Tuesday, June 19, 2012

Ian Alexander Loewe

Though he brings grief, he will show compassion, so great is his unfailing love. For he does not willingly bring affliction or grief to anyone. Lamentations 3:33

We said good-bye to a good friend this past week.  Our friend, Ian, struggled for life from the day of his birth; and struggled against death for half of his 15 years. 

In dying he did not lose that struggle; in death he won the eternal life earned for him through the work of our Savior. 

The body Ian lived in was falling apart and he was tired. His body was no longer a safe place for him to be. Our Heavenly Father came and rescued Ian from the destruction left by illness and treatment. The cancer took his body, but could not take his life.  God brought Him home to where he will always be safe; always be happy; always be fulfilled.  We cannot deny this joy to our friend Ian.

Ian did not fall asleep. This is a phrase about death that can bring comfort to adults and terror to young children.  The image of pain-free sleep may be comforting to us, but I do not believe this metaphor is accurate.  Ian is awake, now more than ever.  He is completely aware of God’s mercy and grace.  He stands in awe on holy ground.  We need rest from our sinful days.  Ian no longer needs rest. 

It was not God’s will for Ian to die. It is not God’s will for any of His children to die.  It was His will that we live a perfect life in the perfect world He created for us.  Our sin is the cause of our death. Sin is, in no way, a part of God’s will.

God did not take Ian’s life; He gave Ian eternal life and joy. Ian left behind pain, sorrow, and darkness.  God brought him to light, and the source of his faith.  Ian knows God fully and his earthly life no longer encumbers him. 

Thank you, God, for Ian, for heaven, for salvation and for grace.
For me to live is Christ, and to die is gain. Philippians 1: 21

Monday, June 4, 2012

The still small voice

And he said, "Go out and stand on the mount before the Lord." And behold, the Lord passed by, and a great and strong wind tore the mountains and broke in pieces the rocks before the Lord, but the Lord was not in the wind. And after the wind an earthquake, but the Lord was not in the earthquake. And after the earthquake a fire, but the Lord was not in the fire. And after the fire the sound of a low whisper.  And when Elijah heard it, he wrapped his face in his cloak and went out and stood at the entrance of the cave. I Kings 19: 11-13 ESV
Elijah saw God's power bring the Israelites through a climate drought, but when faced with a spiritual drought brought on by an evil king, Elijah retreated to the barrenness of the broom tree. He was ready to give up, both figuratively and literally. Believing he was the last person alive to hold to faith, he wanted to die in that faith.

God said "no" and gave him something to eat. 

God sent him to a mountain. Mountains put you in a vulnerable position and Elijah didn't even have a broom tree for protection. Standing on the mountain we can imagine that Elijah saw the enormity of God's power as he contemplated God's creation. Then as he felt the power of the wind, earthquake and fire, Elijah was viscerally reminded of God's omnipotence.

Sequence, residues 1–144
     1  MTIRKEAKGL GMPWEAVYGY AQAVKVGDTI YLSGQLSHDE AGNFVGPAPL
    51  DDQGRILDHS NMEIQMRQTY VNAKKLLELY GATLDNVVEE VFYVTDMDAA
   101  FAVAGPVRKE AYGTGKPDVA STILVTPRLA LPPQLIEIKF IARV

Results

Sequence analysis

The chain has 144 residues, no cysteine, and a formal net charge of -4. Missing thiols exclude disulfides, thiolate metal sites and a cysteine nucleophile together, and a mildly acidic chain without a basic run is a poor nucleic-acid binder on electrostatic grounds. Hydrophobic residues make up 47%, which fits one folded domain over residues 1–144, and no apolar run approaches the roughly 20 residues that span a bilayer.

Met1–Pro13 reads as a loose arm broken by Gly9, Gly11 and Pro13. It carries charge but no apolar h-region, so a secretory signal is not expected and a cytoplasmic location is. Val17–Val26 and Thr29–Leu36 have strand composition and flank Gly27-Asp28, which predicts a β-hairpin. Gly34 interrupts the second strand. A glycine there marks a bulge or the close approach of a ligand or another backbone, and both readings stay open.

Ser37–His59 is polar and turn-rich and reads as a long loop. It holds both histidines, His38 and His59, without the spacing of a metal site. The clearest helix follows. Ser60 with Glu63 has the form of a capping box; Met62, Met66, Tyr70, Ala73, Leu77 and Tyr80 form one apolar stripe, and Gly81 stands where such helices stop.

It is interesting to note that Elijah does not retreat to the cave until he hears God's voice in the sound of a low whisper. His retreat is not out of terror, but out of fear. Elijah did not fear for his earthly life; he feared for his spiritual life. 

God's word has a way of killing us; it seeks to kill the old Adam in us. As strong as his faith was, Elijah's old Adam was a lack of faith. He knew there was nothing more that he could do to protect himself and his fellow children of God from the evil that surrounded them. He simply forgot that God did have that power and a plan. 

That small still voice was sent to remind Elijah of an unimaginable power. 

The graduate program that I am in has stretched me beyond my abilities and I have reached a point of constant reminder that I do not have the gifts to complete this journey. I am not smart enough. I can't do the numbers. I can't do the words. I want to quit while I still have some confidence left.

God says "no" and feeds me through His word and sacraments.

He says that now that I know I am not able to do this on my own I am ready.

What is the "impossible" you face today? Is your faith stretched to its limits? God will stand by you through the wind, the earthquake, and the fire and then God's law will remind you of His power; His grace will remind you of His mercy. 

Here is some food for the journey:

We need God because we are not enough:

Therefore, behold, I will again do wonderful things with this people, with wonder upon wonder; and the wisdom of their wise men shall perish, and the discernment of their discerning men shall be hidden." Isaiah 29:14 ESV
God is stronger than we can imagine:

For the foolishness of God is wiser than men, and the weakness of God is stronger than men.
I Corinthians 1:25 ESV

God will be what we need:
I can do all things through him who strengthens me. Philippians 4:13 ESV